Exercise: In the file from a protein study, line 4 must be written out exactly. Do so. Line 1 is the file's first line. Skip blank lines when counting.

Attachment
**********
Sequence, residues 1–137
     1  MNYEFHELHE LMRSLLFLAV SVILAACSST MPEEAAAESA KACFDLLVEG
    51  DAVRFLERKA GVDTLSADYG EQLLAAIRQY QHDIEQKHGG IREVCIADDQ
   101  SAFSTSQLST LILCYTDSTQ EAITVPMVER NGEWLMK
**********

   101  SAFSTSQLST LILCYTDSTQ EAITVPMVER NGEWLMK